A small number of people at a few federal agencies have vast power over the protection of American air and water.
Under the Trump administration, the people appointed to those positions overwhelmingly used to work in the fossil fuel, chemical and agriculture industries. During their time in government they have been responsible for loosening or undoing nearly 100 environmental protections from pollution and pesticides, as well as weakening preservations of natural resources and efforts to curb planet-warming greenhouse gas emissions.
Of 20 key officials across several agencies, 15 came from careers in the oil, gas, coal, chemical or agriculture industries, while another three hail from state governments that have spent years resisting environmental regulations. At least four have direct ties to organizations led by Charles G. and the late David H. Koch, who have spent millions of dollars to defeat climate change and clean energy measures.
Gretchen Goldman, research director at the Union of Concerned Scientists, noted that many Republican administrations had brought in people from regulated industries. “There’s nothing inherently wrong with hiring people from the private sector. But we need to make sure they are making decisions in the public interest,” she said.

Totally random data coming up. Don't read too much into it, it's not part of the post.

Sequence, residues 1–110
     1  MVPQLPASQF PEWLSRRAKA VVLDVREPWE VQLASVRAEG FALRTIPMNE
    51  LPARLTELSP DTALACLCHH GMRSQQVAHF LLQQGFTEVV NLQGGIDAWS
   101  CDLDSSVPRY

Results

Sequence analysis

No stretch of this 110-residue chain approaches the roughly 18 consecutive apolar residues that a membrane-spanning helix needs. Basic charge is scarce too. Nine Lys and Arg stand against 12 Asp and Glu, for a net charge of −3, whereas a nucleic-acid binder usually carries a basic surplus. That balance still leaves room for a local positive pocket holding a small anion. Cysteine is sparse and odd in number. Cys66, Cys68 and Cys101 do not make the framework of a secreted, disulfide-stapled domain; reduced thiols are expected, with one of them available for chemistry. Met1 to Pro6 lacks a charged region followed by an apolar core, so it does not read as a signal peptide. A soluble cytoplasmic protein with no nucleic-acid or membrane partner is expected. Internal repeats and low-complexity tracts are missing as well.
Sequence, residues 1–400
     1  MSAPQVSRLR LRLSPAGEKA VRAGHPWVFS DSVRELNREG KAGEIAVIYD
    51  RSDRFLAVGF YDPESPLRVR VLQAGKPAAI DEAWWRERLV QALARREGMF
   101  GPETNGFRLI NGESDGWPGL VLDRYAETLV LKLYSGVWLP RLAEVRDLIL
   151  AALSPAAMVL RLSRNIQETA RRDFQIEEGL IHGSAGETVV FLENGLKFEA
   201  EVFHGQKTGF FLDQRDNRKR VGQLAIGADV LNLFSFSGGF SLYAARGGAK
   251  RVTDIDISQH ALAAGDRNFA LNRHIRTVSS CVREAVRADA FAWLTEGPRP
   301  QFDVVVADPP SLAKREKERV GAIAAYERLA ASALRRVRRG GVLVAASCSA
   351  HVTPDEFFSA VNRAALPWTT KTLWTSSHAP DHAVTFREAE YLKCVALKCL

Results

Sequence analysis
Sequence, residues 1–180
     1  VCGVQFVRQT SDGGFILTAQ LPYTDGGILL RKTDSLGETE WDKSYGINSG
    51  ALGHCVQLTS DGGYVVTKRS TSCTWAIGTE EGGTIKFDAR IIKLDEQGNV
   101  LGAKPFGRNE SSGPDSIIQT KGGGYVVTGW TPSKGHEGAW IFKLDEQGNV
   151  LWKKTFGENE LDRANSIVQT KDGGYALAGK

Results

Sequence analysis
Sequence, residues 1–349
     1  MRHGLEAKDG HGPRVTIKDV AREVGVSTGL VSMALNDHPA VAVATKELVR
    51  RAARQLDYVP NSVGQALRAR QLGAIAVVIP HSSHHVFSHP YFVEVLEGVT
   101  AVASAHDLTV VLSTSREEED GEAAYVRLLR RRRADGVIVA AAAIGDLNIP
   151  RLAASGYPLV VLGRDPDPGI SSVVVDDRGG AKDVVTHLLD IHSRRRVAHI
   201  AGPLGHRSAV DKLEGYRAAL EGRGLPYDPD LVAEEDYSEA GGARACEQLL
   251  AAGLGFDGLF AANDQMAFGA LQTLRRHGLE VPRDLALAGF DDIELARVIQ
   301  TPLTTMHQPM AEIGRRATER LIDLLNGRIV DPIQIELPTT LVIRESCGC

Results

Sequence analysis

The Trump administration has said it is focused on ending government overreach, and agency officials said it should be no surprise the administration has tapped people who have dealt first-hand with regulations and share President Trump’s deregulatory goals. Administration press officers added that top agency officials had spent years in public service as well as in the private sector; that all agency officials undergo ethics training; and that those who have worked for industry had signed recusal statements.
“Senior administration officials, an overwhelming majority of whom the Senate has given their advice and consent to, understand that economic growth and environmental protection do not need to conflict,” Judd Deere, a White House spokesman, said in a statement.
When Cleveland’s heavily polluted Cuyahoga River caught fire in 1969, it galvanized the nation and helped lead to the creation of the Environmental Protection Agency. Since then, the E.P.A. has tracked pollution and enacted regulations to guide clean air and water laws and reduce levels of toxic substances. The Trump administration has argued the agency’s rules have become too onerous — particularly for the fossil fuel and agriculture industries. [Continue reading…]